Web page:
“I think anyone who looks at the vice president’s record understands that, time after time after time, Joe has talked about the need to cut Social Security,” Sanders told reporters at a campaign stop in Concord, New Hampshire.

      Responding to the suggestion his campaign had taken Biden’s comments out of context, Sanders said Biden’s record as a whole showed Biden “believes it appropriate to cut Social Security,” freeze cost-of-living adjustments that regularly raise benefits, or to raise the retirement age.

      “You can argue about one video, whether it was full context, but the real issue is Joe voted, if my memory is correct, for the balanced budget amendment,” referring to a 1995 vote on a constitutional amendment that would have forced administrations to balance federal budgets, which Sanders suggested would entail cutting Social Security.

      https://www.reuters.com/article/us-usa-election-sanders-biden/presidential-hopeful-sanders-renews-attack-on-rival-bidens-social-security-record-idUSKBN1ZI0SN

      Reply
    4. ptb

      Semi agree? Totally true that Sanders can’t afford to offend centrist liberals willing to consider a progressive. At the same time, playing nice exclusively is an invitation to get hit harder. That doesn’t mean go after the scandal stuff, no need. But Biden’s legislative record is fair game and is essential to the current historical moment on many levels.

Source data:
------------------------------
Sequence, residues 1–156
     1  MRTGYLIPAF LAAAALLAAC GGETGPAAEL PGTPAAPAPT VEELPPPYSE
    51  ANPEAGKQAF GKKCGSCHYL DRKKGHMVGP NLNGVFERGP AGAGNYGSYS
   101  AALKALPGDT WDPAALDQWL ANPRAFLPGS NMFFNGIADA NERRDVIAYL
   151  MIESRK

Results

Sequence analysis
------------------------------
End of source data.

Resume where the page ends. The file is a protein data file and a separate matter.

Teachout was right and IMO any apology is

      1. optional, because the Bidens and Clintons of the world never extend anyt such courtesy to opponents they consider beneath them
      2. ought to be made so as to make it clear, that there is a distinction in the interpretation of the word “corrupt”. Not as Trump style scandals (i.e. the Hunter Biden timebomb, which is Biden’s liability in the General, and has no useful or rightful place in the primary) . But rather “corrupt” as in Citizens United, or corrupt as in selling voters out to credit card companies, selling Afro Americans out for political points in thre 80s and 90s, selling foreign policy out to the saudis, bushes, lockheed, etc etc.

      The high ground is nice but I think most voters get how this game is played. Its a contract sport. You get rewarded for integrity, not timidity.

      Reply
      1. Lambert Strether Post author

        > The high ground is nice but I think most voters get how this game is played. Its a contract sport. You get rewarded for integrity, not timidity.

        If you think having Trump tweet out “And Bernie agrees!” every time Trump (accurately) calls out Biden and his spawn for corruption is a smart play, especially during impeachment, well… I guess we’ll just have to disagree to disagree. Sanders did what he had to do to shut that down. Teachout has run for elective office. I’m sure she understands the necessities.

        Reply
        1. ptb

          I suppose it depends on the personality of Iowa and early state Dem primary voters.

          IMO, Trump throwing bombs like that into the Dem primary will happen regardless. So will other Dems using the resulting with-us-or-against-us logic to delegitimize anyone questioning their record. Sooner or later you have no choice but to get into it and defuse that nonsense. A brief statement is all it takes. Bernie has done so before. A lot. Is that time now? dunno.

          As far as impeachment goes, it’s an unstoppable distraction for the next 2 weeks, so media attention is not gonna be on this stuff anyway.

          Reply
    5. Mo's Bike Shop